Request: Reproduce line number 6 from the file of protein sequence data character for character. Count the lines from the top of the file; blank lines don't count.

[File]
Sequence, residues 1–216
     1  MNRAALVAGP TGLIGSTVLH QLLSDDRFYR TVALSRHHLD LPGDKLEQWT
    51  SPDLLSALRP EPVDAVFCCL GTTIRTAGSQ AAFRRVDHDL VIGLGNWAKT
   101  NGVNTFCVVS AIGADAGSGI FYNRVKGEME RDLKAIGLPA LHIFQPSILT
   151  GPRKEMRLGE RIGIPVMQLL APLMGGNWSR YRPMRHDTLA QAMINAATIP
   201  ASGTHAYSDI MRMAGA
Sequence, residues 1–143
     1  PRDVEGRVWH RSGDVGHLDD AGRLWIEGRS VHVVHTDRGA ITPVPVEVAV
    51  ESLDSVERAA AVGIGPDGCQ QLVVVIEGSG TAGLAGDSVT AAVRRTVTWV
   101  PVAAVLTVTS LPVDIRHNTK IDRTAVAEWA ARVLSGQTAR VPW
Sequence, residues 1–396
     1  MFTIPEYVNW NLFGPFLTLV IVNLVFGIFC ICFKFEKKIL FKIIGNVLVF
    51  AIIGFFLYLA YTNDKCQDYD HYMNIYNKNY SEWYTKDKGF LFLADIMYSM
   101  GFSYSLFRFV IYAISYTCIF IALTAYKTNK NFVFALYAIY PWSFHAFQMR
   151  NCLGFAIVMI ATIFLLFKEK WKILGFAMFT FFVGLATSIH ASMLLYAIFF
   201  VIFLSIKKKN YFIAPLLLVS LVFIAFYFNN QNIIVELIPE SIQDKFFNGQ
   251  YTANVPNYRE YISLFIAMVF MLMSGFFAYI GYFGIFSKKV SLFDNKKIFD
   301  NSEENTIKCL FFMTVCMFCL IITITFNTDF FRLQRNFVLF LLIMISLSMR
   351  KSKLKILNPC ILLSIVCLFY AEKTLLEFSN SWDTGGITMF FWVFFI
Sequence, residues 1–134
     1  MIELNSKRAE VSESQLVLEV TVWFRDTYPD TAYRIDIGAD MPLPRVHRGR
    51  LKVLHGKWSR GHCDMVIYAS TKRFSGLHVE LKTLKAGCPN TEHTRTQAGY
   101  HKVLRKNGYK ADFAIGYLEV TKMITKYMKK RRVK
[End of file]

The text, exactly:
   201  ASGTHAYSDI MRMAGA